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Title3D modeling of the Esker Intrusive Complex, Ring of Fire Intrusive Suite, McFaulds Lake Greenstone Belt, Superior Province: implications for mineral exploration
AuthorLaudadio, A B; Schetselaar, E M; Mungall, J E; Houle, M G
SourceOre Geology Reviews vol. 145, 104886, 2022 p. 1-23, Open Access logo Open Access
Alt SeriesNatural Resources Canada, Contribution Series 20210552
Mediapaper; on-line; digital
File formatpdf; html
NTS43D/09; 43D/16
Lat/Long WENS -86.3325 -86.1858 52.8092 52.7069
Subjectseconomic geology; geophysics; structural geology; stratigraphy; Science and Technology; Nature and Environment; mineral exploration; mineral deposits; nickel; copper; chromite; sulphide deposits; ore mineral genesis; mineralization; modelling; tectonic setting; greenstone belts; magmatism; intrusions; emplacement; displacement; deformation; drillholes; geophysical surveys; aeromagnetic surveys; structural trends; bedrock geology; host rocks; lithology; igneous rocks; intrusive rocks; mafic rocks; ultramafic rocks; dunites; peridotites; chromitites; structural features; faults; shear zones; flow structures; lithostratigraphy; Archean; Esker Intrusive Complex; Ring of Fire Intrusive Suite; McFaulds Lake Greenstone Belt; Superior Province; Canadian Shield; Double Eagle Intrusion; Black Thor Intrusion; platinum group elements; geological contacts; Precambrian
Illustrationslocation maps; geoscientific sketch maps; stratigraphic columns; flow diagrams; 3-D models; tables; photographs; cross-sections
ProgramTargeted Geoscience Initiative (TGI-5) Nickel-copper-PGE-chromium systems
Released2022 05 01
AbstractA 3D geological model of the Archean Esker ultramafic-mafic intrusive complex of the Ring of Fire intrusive suite of northwestern Ontario (Canada) is presented, providing insight into the nature of its magmatic plumbing system and allowing for speculation on the formation of its valuable Ni-Cu-(PGE) and chromitite deposits. The 3D model was constrained by exploration drillholes and high-resolution aeromagnetic data, which allowed the interpretation of the broad internal structure of the intrusive complex and two shear zones, which define for a major part of their strike extent the contacts between ultramafic and overlying mafic intrusive rocks. Restoring the post-emplacement component of strike-slip displacement and subsequently rotating the intrusive complex back from its tilted to sub-horizontal orientation of emplacement, provides a three-dimensional rendition of a 14 km-long dominantly tabular-shaped intrusive complex. The complex is defined by intact basal intrusive contacts with localized keel-shaped ultramafic promontories parallel to a nearby blade-shaped magmatic conduit. The keels extend in a subparallel orientation to depths of up to 1 km into the underlying tonalitic rocks and coincide with significant offsets of the basal intrusive contact, leading to speculation that their intrusion may have been guided by pre-existing normal faults. Two of these magmatic conduits host Ni-Cu-(PGE) deposits/prospects that formed from gravitational segregation of sulfides. The chromitite deposits, hosted in ultramafic rocks at higher stratigraphic levels, were modeled based on drill hole assay data. Zones of dominantly massive to semi-massive chromitite were defined by the greater than or equal to 35% Cr2O3 threshold, while intercalated sequences of chromitite in dunite/peridotite were defined by the greater than or equal to 15% to less than or equal to 35% Cr2O3 percentage range. The 3D modeled surfaces fitted to these constraints exhibit ore zones with lateral extents from several hundreds of meters for massive bodies up to a maximum of 2 km for intercalated chromitite ore that are dominantly conformable to the layering of the ultramafic host rocks. The lack of lateral continuity of chromitite ore zones beyond this scale, suggests that the chromitite layers are not continuous along the entire strike extent of the Esker intrusive complex, which is consistent with bifurcations of the 3D modeled ore shells signifying pinch-outs of both the massive chromitite layers and the dunitic interlayers. This discontinuous distribution of chromitite ore resembles that in the stratiform deposits of the Stillwater Complex and may support recent models of mechanical segregation of chromitite from cotectic chromite-olivine slurries. Based on our 3D model, we propose that the Esker intrusive complex evolved as a series of individual intrusions that were emplaced during multiple magmatic pulses that eventually coalesced to form a composite ultramafic-mafic complex prior to being dissected and partly dismembered by post-ore shear zone deformation.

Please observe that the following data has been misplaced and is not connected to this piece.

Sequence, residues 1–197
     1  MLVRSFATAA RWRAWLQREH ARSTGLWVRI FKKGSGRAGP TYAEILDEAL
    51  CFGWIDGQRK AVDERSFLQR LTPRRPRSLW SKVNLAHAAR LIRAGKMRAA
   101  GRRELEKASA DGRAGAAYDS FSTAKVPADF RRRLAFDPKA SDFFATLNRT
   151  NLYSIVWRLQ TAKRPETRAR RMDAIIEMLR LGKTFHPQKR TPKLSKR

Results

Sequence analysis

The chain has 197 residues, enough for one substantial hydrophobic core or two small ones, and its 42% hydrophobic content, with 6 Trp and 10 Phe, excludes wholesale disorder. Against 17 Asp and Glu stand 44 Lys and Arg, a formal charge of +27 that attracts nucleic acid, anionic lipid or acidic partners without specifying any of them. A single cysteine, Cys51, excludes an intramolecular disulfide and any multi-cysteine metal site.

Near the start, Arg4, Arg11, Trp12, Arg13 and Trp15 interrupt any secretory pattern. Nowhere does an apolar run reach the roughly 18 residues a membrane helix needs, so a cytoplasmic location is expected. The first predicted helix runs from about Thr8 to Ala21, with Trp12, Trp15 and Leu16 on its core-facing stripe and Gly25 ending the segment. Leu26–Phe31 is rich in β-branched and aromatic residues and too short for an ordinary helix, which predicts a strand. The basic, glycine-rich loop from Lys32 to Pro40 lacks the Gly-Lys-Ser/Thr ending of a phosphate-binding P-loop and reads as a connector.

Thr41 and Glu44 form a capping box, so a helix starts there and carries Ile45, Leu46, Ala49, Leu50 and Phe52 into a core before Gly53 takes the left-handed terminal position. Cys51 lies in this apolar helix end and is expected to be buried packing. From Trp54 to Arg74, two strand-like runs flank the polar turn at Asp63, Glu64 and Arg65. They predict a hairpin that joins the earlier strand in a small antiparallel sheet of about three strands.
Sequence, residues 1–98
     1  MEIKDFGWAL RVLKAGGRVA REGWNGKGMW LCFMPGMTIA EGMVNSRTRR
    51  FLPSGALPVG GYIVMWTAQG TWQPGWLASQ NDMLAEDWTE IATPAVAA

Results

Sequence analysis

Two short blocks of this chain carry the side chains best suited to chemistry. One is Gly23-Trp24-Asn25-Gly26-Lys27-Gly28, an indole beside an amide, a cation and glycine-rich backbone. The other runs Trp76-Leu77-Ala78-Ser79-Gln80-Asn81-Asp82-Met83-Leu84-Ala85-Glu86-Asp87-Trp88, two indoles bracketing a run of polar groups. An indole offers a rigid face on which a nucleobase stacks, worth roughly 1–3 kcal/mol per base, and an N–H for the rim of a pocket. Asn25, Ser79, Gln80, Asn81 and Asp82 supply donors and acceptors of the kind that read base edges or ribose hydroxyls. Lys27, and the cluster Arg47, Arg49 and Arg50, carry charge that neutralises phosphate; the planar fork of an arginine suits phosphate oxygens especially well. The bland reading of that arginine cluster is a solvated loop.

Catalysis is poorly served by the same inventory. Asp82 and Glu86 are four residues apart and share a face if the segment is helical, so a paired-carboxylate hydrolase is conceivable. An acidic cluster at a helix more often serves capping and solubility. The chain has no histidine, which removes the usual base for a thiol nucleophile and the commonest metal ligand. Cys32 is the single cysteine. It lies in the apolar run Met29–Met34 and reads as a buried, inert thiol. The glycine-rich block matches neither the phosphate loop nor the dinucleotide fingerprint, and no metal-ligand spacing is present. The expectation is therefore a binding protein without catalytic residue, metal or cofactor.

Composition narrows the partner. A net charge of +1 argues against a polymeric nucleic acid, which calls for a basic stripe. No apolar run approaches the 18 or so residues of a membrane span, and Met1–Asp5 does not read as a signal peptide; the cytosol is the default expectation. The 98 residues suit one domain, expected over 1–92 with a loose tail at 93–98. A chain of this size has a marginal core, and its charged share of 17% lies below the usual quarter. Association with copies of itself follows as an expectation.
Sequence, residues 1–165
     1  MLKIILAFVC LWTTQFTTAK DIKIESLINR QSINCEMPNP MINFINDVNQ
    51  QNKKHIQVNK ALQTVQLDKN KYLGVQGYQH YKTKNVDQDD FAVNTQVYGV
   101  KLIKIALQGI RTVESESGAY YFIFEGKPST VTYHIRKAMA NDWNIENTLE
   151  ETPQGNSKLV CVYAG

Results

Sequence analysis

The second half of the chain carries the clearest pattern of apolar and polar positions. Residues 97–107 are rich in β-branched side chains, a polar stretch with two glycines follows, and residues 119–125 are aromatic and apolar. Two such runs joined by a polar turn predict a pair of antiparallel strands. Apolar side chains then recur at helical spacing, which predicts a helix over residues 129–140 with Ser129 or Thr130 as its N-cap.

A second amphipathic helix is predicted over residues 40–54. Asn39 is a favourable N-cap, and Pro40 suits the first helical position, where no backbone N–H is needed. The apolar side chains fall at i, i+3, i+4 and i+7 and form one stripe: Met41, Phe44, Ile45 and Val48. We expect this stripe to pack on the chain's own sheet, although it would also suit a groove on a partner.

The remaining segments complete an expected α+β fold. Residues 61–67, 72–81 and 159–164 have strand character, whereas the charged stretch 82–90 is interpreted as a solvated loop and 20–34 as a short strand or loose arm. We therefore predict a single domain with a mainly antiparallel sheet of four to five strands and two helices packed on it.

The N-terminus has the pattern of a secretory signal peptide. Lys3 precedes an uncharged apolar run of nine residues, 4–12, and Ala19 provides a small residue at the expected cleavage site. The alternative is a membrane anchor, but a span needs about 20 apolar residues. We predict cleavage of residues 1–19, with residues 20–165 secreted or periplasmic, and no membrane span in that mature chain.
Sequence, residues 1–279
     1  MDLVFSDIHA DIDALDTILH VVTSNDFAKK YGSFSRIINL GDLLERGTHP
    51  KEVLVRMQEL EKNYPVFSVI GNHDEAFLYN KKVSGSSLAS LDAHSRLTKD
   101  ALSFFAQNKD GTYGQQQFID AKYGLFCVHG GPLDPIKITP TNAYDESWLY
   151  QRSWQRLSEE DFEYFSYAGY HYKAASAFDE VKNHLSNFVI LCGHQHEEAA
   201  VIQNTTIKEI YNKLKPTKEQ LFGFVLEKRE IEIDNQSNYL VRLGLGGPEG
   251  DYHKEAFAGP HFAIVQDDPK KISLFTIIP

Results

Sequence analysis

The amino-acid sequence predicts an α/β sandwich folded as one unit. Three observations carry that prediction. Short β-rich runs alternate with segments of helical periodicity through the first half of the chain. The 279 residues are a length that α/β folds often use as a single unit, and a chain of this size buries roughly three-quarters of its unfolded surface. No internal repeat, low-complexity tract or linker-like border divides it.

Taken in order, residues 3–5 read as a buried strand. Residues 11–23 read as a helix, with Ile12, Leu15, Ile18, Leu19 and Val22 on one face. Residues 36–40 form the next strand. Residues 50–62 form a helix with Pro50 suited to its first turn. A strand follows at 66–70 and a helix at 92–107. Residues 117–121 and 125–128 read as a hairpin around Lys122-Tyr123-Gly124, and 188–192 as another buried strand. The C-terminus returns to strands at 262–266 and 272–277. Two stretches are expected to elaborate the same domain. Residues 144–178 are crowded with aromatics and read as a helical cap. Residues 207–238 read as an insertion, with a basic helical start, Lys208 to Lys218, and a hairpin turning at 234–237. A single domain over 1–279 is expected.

Summary(Plain Language Summary, not published)
The Esker Intrusive Complex and associated chromitite deposits are modeled in 3D. The interpretation of shear zones dissecting the intrusive complex is refined using high-resolution airborne magnetic data. A pre-shear reconstruction suggests multiple intrusive centers fed by fault-controlled magmatic conduits that coalesced into a single complex. The geometry of 3D-modelled cut-off grade contours suggest that mechanical sorting contributed to the formation of layered chromitite ore.

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